Paul first declared to these idol worshippers and philosophers the nature of the true God: His person, His power, and His preeminence.

“God, who made the world and everything in it, since He is Lord of heaven and earth, does not dwell in temples made with hands.” (Acts 17:24)

The true God is an awesome God, much bigger and more powerful than the gods the people of Athens worshipped. He is not a god who can be contained in a temple made by human hands. Even Solomon, as he considered the daunting task of building the temple in Jerusalem, which was to be God’s dwelling place among His people, Israel, declared of Him:

“But who is able to build Him a temple, since heaven and the heaven of heavens cannot contain Him? Who am I then, that I should build Him a temple, except to burn sacrifice before Him?” (2 Chron. 2:6)

The true God is not an object (idol) made by human hands. He is the Creator of the world and everything in it, and He is Lord over all He created, both in heaven and on earth.

Worship of God

Such a God cannot be worshipped as these Athenians worshipped their gods. Their worship focused on doing things with their own hands to provide for the needs of their gods: carving images of them, building temples for them to dwell in, erecting altars to honor them, bringing gifts and sacrifices to appease them and garner their favor. Much religious worship today centers on the same false premise: that man must do something for God. The emphasis of real worship should be praising God for what He has done for us. So, Paul told them:

“Nor is He worshiped with men’s hands, as though He needed anything, since He gives to all life, breath, and all things.” (Acts 17:25)

God does not need anything from man. On the contrary, He is the One who gives us all we need: “life, breath, and all things.” Worship of such a God is not to be based on the traditions of men, with its ritualistic and ceremonial attempts to please God. This is why Jesus told the woman at the well:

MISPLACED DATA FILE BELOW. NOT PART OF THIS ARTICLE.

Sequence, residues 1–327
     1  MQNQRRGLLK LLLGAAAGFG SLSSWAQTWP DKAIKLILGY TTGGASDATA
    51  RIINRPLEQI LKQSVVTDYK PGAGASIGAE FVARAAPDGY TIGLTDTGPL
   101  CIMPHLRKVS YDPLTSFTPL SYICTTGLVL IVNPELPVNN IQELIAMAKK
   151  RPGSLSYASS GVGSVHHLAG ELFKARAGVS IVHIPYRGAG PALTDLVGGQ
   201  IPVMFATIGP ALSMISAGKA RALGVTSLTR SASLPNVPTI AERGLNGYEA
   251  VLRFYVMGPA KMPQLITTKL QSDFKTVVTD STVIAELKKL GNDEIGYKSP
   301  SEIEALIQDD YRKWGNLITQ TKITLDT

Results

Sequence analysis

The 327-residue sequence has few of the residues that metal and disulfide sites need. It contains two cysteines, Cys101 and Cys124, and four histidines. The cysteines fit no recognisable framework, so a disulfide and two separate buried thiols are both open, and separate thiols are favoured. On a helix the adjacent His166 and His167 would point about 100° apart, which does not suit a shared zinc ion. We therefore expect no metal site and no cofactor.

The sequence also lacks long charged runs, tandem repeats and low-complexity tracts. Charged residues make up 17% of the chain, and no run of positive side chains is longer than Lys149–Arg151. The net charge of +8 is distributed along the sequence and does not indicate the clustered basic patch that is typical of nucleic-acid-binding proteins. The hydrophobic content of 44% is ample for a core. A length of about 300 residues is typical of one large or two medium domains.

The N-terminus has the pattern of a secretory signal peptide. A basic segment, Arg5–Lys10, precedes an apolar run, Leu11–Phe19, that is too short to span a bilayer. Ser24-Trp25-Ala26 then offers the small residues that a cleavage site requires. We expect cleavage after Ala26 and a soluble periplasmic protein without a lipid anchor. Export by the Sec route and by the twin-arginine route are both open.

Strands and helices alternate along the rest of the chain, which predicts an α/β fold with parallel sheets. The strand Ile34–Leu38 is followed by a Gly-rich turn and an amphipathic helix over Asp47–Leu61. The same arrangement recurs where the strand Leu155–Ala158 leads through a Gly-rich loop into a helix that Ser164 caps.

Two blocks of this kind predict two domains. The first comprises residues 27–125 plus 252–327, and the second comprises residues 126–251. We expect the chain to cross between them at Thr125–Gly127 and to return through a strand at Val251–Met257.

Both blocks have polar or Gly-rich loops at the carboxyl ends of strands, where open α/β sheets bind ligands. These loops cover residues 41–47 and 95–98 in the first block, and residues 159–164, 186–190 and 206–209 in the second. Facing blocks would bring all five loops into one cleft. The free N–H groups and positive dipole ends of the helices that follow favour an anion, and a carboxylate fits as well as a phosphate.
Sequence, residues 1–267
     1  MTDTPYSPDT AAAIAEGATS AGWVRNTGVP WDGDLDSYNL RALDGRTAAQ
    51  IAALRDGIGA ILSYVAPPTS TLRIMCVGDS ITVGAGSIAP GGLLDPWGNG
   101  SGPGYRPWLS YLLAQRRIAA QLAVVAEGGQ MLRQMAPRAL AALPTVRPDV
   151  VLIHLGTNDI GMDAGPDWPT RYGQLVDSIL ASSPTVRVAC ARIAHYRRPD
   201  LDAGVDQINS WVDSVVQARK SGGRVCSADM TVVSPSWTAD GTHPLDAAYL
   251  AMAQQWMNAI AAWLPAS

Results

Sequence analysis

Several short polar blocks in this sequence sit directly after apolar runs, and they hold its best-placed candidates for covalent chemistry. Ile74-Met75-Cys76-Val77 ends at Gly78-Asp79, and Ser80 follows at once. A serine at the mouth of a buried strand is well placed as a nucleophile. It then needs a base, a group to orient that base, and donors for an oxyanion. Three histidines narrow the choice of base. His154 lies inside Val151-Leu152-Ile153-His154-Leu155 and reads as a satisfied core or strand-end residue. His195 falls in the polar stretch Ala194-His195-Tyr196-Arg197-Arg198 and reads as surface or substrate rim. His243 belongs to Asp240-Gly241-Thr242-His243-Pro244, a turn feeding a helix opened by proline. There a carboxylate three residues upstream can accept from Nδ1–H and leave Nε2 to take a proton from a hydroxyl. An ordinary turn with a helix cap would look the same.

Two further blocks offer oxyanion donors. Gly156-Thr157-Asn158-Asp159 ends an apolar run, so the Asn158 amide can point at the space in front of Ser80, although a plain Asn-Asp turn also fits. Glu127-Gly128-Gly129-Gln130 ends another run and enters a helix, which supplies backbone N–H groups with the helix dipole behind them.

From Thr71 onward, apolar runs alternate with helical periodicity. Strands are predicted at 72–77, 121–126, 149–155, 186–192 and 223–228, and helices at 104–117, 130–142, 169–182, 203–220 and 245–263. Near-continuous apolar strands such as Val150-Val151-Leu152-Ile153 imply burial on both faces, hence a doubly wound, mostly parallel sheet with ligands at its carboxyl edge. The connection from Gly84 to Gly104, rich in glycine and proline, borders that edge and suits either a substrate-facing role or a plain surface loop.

“God is Spirit, and those who worship Him must worship in spirit and truth.” (John 4:24)

This is what God desires from man, worship that is spiritual in nature, worship that comes from the heart, worship that is based on the truth of God’s Word.

The Jews worshipped in the tabernacle and later in the temple. While their worship under the law involved ceremonies (i.e. cleansing), keeping feast days, bringing gifts and sacrifices to the Lord, every aspect of this service toward God was intended to focus their hearts on Him and His purpose for their lives. Yet, by the time Jesus was born, Israel’s temple worship had deteriorated and become little more than ritual to most Jews. They had elevated the traditions of men above the Word of God. In Matthew 15:8, Jesus reproved them with these words:

“These people draw near to Me with their mouth, and honor Me with their lips, but their heart is far from Me. And in vain they worship Me, teaching as doctrines the commandments of men.”

Sadly, this is the case in many so-called places of worship today. People simply go through the religious motions, “having a form of godliness,” but with hearts that are cold and unaffected by the things of God. All such worship, which is based on the traditions of men rather than the Word of God, is in vain. Paul warned the Colossians:

“Beware lest anyone cheat you through philosophy and empty deceit, according to the tradition of men, according to the basic principles of the world, and not according to Christ.” (Col. 2:8)

Next month we will see how Paul declares to them God’s purpose for man.

(Continued Next Month)